(2) Then there is the shocking history of violence – wars and massacres – against Indigenous Australians from the very beginning of the colonial era and continuing into the twentieth century. (See the brilliant research conducted by Professor Lyndall Ryan, et al., at: Colonial Frontier Massacres in Australia, 1788-1930. This history was long swept under the carpet until scholars like Professor Ryan, Professor Henry Reynolds, and Professor Robert Manne began bringing it to our attention. Even so, the likes of John Howard remain in desperate denial of this dreadful reality.

(3) In 1997 the report of the Enquiry into the “stolen generation” of Indigenous children documented in detail the pitiless and patronising separation of children from their parents and extended families – see: Bringing them Home Report (1997)

In February 2008, then Prime Minister Kevin Rudd issued a formal apology in the parliament for this egregious policy. In high dudgeon, Peter Dutton walked out on that momentous occasion. While recently agreeing this was probably a mistake, his acknowledgement that it might have been a mistake was confected for purely political convenience, nothing less. And his opposition to the referendum implies he was not really sorry for walking out on Kevin Rudd’s apology at all.

(4) In 2005 Professor Tom Calma, while Aboriginal and Torres Strait Islander Commissioner for Social Justice, called on governments to provide annual reports on how successful their policies were in “closing the gap” between Indigenous wellbeing and white Australians’ wellbeing. That gap was (and remains) a wide one. It included tragically high death rates of Indigenous children, poor educational records of whole Indigenous communities, high unemployment levels of Indigenous men and women, shocking imprisonment rates of Aboriginal and Torres Strait youths. In 2007 governments began reluctantly to report annually on what progress, if any, was being made in dealing with these huge problems. Ever since, what we have seen is a grim litany of annual reports that show that almost no progress is being achieved in “closing the gap” and on many measures, things are going backwards.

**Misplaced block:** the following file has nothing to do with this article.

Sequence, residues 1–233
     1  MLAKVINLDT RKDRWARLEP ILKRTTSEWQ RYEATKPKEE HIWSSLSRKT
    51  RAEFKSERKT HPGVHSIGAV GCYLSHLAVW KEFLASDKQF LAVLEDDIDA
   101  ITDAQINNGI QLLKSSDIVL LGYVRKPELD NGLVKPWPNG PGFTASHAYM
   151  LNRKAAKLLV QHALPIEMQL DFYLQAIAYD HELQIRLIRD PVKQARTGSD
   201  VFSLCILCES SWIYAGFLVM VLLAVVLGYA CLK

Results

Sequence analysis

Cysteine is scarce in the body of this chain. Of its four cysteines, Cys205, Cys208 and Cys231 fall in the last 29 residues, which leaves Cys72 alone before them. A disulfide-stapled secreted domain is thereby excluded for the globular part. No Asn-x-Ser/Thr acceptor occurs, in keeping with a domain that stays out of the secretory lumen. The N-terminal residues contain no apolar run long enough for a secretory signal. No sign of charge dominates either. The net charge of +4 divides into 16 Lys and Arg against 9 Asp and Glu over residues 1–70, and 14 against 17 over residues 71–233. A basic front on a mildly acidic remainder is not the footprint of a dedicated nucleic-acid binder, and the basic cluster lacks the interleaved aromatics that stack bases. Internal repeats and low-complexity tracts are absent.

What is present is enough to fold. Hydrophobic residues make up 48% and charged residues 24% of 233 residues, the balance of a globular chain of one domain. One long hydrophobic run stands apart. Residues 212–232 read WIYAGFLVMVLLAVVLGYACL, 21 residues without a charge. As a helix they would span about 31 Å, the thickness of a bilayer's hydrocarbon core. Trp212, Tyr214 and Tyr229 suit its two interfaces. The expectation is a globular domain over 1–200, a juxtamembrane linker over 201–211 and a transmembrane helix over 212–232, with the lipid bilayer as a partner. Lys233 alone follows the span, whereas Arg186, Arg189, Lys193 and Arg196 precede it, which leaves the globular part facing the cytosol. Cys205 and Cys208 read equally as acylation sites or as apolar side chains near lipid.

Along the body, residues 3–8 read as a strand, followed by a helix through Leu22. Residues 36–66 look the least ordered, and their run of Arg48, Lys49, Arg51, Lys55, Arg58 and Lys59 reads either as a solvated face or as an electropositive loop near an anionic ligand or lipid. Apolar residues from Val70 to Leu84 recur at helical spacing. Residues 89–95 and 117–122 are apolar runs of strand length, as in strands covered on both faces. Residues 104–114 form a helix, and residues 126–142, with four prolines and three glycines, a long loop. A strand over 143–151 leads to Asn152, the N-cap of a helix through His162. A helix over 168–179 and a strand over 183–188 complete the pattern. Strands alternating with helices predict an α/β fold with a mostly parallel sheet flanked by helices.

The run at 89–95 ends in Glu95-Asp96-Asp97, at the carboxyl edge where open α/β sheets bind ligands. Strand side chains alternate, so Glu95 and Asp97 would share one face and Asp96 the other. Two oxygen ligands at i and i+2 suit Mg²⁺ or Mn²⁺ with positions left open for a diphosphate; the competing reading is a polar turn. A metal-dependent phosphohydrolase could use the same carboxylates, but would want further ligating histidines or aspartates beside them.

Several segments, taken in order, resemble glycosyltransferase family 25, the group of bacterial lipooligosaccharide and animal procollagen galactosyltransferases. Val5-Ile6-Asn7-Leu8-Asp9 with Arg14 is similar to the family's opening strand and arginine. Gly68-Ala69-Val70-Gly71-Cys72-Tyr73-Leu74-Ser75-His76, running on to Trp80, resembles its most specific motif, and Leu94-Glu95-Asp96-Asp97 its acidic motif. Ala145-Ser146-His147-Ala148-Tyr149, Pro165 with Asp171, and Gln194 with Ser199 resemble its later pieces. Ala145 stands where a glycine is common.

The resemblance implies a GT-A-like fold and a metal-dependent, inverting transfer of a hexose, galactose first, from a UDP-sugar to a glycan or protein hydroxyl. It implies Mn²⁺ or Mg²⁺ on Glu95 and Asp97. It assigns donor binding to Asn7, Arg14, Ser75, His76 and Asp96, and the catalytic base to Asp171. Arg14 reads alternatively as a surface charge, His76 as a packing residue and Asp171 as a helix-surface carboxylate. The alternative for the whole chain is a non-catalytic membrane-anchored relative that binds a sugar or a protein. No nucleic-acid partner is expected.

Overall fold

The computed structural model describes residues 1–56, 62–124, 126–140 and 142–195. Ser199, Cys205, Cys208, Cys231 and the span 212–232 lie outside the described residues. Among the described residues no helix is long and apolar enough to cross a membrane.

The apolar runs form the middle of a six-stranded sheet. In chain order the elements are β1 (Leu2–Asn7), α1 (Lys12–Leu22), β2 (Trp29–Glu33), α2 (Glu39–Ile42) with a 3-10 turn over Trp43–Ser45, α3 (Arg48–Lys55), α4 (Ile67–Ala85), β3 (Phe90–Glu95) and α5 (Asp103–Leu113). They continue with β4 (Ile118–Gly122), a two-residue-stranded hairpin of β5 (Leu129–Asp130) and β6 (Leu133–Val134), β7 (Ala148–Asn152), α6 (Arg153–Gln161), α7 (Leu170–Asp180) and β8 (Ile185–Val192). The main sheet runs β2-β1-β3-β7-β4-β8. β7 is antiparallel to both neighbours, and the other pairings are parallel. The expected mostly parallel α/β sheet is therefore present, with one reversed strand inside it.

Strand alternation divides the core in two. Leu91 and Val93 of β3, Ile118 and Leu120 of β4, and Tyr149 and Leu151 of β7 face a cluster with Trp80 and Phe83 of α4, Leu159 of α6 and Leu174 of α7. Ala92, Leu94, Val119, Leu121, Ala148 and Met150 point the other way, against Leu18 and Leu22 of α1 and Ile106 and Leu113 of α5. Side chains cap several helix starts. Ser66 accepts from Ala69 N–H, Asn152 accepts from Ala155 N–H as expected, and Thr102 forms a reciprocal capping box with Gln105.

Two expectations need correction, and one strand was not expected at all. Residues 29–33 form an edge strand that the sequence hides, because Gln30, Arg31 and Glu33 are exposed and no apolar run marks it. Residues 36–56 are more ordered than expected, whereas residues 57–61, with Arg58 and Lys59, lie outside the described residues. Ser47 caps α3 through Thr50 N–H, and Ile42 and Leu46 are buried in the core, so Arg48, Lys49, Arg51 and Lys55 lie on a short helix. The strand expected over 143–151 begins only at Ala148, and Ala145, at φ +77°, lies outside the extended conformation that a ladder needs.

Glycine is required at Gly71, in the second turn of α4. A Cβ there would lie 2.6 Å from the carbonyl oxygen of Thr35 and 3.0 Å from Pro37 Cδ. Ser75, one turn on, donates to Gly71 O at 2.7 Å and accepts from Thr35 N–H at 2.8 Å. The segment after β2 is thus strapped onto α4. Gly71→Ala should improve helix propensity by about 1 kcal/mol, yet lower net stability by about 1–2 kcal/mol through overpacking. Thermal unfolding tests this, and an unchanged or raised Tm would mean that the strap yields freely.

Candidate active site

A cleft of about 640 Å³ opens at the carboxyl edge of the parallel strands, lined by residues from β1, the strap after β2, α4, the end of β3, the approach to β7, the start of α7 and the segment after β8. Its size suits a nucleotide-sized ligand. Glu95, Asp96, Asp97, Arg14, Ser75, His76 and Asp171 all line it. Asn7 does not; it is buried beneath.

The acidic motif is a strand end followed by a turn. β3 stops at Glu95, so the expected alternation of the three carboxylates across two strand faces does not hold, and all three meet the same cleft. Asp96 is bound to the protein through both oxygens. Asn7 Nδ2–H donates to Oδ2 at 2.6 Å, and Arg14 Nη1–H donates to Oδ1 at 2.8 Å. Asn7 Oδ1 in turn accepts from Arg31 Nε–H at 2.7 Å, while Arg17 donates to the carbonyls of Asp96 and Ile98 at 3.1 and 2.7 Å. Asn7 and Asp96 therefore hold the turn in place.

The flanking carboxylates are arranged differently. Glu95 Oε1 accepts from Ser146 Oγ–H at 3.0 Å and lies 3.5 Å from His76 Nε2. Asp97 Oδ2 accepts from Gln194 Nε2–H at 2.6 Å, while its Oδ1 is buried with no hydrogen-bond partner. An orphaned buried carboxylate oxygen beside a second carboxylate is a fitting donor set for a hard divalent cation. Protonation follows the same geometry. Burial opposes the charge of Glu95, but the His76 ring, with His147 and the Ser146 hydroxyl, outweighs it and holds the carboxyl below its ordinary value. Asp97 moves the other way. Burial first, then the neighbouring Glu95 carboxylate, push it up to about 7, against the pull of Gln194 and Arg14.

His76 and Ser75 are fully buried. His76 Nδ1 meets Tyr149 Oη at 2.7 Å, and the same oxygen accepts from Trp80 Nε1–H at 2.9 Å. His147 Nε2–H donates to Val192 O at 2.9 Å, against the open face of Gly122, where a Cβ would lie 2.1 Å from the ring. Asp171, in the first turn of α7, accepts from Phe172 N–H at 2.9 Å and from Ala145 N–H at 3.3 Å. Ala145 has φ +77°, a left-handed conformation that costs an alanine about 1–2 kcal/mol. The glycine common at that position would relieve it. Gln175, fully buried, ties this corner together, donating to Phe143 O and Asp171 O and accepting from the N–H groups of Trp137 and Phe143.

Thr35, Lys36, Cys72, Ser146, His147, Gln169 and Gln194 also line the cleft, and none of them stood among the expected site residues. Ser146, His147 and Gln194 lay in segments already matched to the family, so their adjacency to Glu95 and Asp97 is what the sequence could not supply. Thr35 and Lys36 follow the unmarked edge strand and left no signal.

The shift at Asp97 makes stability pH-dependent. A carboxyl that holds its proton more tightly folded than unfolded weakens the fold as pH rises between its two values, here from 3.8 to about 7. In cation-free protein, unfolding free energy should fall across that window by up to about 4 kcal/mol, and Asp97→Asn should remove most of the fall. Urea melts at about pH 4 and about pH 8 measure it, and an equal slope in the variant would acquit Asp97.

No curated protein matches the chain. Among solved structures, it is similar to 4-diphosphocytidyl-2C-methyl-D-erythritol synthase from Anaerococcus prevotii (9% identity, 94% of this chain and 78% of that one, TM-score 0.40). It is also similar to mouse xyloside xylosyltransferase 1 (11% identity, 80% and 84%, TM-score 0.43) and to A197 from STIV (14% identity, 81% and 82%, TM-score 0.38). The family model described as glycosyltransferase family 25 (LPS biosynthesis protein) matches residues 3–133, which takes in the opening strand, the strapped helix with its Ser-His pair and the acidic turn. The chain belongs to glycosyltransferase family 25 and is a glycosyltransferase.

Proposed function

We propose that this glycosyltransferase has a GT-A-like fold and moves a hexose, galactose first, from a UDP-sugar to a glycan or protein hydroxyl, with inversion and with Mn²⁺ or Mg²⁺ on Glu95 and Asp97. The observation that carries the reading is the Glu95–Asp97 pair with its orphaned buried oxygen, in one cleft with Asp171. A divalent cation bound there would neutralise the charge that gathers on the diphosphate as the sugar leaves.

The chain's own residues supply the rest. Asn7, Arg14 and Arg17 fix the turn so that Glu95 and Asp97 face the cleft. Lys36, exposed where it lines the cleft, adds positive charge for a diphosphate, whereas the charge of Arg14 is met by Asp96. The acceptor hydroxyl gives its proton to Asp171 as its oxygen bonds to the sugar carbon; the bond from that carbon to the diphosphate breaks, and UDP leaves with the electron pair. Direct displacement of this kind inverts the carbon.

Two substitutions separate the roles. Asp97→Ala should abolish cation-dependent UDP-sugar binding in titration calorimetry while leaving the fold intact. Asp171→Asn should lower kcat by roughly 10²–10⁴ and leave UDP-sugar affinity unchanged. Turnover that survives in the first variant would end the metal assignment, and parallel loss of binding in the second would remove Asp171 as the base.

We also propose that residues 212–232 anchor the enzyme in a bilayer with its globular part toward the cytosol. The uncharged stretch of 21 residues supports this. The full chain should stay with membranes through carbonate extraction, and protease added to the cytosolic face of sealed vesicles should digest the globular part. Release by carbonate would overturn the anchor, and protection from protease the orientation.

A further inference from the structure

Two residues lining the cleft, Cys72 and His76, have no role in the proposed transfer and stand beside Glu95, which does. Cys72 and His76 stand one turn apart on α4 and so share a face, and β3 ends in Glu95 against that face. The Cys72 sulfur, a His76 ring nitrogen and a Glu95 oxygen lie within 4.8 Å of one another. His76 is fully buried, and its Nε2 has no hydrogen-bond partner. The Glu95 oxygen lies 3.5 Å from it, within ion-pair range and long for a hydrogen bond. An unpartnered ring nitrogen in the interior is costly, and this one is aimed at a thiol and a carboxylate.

As the Minister for Indigenous Affairs, Linda Burney, has been reminding us, the abject failures of past policies are indelibly etched into Australia’s history of political policy. They are failures that bring great shame on the country and to the politicians, public servants, media commentators and others who are responsible for those failures. Clearly, more of the same is getting us nowhere. Even John Howard’s ham-fisted policy of intervention in the Northern Territory in 2007 was a disastrous failure; infamously, it made the situation worse.